With the coronavirus contagion still continuing to spread, automakers like General Motors (GM) are working feverishly to re-initiate manufacturing in China while deterring operations elsewhere from being affected by supply shortages.
The American multinational vehicle corporation confirmed Friday that it is closely controlling the supply chain for its highly lucrative truck production in North America. Spokesman David Barnas said in an emailed statement that the automaker “does not anticipate any impact on full-size truck production at this time.”
The automaker doesn’t anticipate having to limit production at plants in Michigan, Indiana and Texas, according to Barnas. He made the remark after a United Auto Workers union member at its heavy-duty pickup factory in Flint, Michigan, said the threat of parts shortages at the facilities is broadening.
“We continue to monitor our supply chain and are in close communications with our tier-one suppliers to mitigate any risk to production in North America,” Barnas said in an email. “The situation is still quite fluid, but GM, other automakers and suppliers have begun the process of restarting vehicle and parts production in China.”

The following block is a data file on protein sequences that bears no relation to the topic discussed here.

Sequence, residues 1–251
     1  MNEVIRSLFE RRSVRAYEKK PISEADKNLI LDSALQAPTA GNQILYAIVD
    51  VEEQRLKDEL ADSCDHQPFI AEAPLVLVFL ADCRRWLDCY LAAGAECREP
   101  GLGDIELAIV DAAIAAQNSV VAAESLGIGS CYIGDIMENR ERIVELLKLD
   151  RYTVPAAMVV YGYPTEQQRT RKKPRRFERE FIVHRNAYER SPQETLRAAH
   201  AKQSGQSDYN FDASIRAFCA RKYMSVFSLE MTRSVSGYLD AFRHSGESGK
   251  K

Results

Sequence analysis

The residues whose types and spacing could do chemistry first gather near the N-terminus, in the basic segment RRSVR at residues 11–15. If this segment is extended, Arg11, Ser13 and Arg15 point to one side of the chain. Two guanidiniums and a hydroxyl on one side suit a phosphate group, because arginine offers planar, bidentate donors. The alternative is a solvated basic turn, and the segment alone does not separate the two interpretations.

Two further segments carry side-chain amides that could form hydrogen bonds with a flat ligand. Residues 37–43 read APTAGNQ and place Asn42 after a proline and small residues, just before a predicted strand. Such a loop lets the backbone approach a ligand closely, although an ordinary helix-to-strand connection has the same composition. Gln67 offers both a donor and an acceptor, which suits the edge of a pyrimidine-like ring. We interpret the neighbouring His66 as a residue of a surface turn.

GM shares dropped more than 2% while Fiat Chrysler dropped as much as 1.5% as of 1:15 p.m. EST Friday, amid a general decline in stocks as well, following new overnight highs.
The news has been affecting automaker and transportation ETFs as well, driving them down in Friday’s trading.
The First Trust Nasdaq Transportation ETF (FTXR), which has a healthy 8% allocation of General Motors is down 0.63%, while the auto-centric First Trust Nasdaq Global Auto Index Fund (CARZ ), also with considerable GM holding, is down just over 1% today.
General Motors Co.’s profits dropped 8 percent during the fourth quarter as weaker sales in China hurt an otherwise strong sales showing in the United States.
However, the automaker did report that pretax profit resulted in $2.8 billion, or $1.43 a share, which bested the average analysts’ estimate of $1.24 a share. GM cited strong pricing on pickup trucks and crossover SUVs in North America as key drivers in sales.
This article originally appeared on ETFTrends.com.